Following his breakout success in The Intouchables, audiences will doubtless flock to see the magnetic personality of Omar Sy back on the big screen in this latest French rom-com-dram.
Once again playing the outsider to the bourgeoisie, Sy is the titular Samba, a Senegalese immigrant living in Paris who has managed to keep his head down and his illegality secret for ten years. Desperate for gainful employment and the opportunity to stay in France, Samba’s sudden dilemma brings him into contact with the nervy Alice (Charlotte Gainsbourg, taking some light-hearted time-out after hardcore fare like Nymphomaniac and Melancholia), a novice immigration consultant who has her own issues.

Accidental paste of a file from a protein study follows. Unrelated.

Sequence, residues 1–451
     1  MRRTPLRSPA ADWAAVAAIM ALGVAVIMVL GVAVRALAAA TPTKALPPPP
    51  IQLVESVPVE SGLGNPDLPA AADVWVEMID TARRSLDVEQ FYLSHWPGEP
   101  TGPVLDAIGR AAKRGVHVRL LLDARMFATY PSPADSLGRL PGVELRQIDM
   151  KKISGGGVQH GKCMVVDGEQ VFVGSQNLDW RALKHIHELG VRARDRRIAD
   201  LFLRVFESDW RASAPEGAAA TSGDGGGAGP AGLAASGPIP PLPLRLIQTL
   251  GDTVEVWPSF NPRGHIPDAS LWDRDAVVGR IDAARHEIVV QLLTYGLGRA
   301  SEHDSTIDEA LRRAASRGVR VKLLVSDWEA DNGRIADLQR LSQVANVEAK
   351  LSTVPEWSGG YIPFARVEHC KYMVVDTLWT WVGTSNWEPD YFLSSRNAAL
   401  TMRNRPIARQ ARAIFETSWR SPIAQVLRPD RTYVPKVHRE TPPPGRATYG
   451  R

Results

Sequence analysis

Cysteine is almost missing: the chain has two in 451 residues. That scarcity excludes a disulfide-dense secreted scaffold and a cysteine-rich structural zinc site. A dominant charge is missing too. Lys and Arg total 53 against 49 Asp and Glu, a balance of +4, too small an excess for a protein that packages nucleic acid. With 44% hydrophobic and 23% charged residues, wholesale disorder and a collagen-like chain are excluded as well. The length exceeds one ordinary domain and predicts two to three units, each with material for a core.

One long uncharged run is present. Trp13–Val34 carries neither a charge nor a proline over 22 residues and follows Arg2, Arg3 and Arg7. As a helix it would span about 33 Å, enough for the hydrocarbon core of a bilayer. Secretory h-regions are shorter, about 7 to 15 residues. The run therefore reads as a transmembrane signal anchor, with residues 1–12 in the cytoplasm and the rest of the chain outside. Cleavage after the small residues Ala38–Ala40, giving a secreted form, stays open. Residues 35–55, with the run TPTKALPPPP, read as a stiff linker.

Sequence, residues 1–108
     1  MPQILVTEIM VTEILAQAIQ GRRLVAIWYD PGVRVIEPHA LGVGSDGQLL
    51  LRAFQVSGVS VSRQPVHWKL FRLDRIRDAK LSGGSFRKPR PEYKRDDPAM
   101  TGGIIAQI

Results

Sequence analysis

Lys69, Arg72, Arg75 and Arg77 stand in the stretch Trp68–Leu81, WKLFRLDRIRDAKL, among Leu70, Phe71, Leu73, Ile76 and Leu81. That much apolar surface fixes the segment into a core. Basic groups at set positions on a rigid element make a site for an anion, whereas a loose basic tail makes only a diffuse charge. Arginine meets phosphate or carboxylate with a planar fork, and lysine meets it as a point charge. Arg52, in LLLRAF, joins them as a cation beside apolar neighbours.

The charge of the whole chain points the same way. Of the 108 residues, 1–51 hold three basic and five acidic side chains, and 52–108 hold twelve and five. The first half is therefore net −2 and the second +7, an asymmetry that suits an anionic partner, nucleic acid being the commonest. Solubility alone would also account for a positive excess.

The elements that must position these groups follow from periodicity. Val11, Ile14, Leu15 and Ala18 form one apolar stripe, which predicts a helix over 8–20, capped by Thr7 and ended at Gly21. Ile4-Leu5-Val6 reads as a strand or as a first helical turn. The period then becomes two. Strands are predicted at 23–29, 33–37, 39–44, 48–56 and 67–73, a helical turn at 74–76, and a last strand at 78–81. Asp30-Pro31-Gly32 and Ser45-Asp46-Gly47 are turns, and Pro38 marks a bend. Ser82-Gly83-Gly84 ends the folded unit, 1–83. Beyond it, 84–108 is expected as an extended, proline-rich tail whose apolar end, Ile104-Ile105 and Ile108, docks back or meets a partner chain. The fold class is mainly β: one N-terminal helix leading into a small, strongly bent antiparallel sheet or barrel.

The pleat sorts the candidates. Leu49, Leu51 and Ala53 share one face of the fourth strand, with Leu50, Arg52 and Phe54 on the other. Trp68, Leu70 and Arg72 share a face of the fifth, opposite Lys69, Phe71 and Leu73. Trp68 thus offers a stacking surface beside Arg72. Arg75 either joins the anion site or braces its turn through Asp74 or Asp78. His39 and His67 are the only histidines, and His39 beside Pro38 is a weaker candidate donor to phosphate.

Putting aside concerns that Sy may be stepping onto the typecasting treadmill by playing the “worldly, impoverished one” in odd-couple movies, there is no disputing his star-power. Where Alice is clumsy, emotionally and physically, Samba is disarmingly smooth, and though Gainsbourg is slightly over-the-top in her oversized coat and sleeping pill addiction, it’s easy to see why Alice falls under Samba’s thrall.
Aided by marvellous photography and a terrifically edgy yet ambient soundtrack, the plot (adapted by the film’s co-directors from the novel by Delphine Coulin) delivers thought-provoking and sympathetic insights into the very real plight of Paris’ immigrant community.
These home truths are, however, somewhat undermined when the French penchant for laughs disrupts the mood – and not always successfully. While a throwback to a decades-old Coca Cola commercial is cutely delivered (allowing the perpetually serious Tahar Rahim from A Prophet to crack his first onscreen smile), there are some unfortunate farcical moments and a plot contrivance that can only be forgiven thanks to Sy’s inherent charm.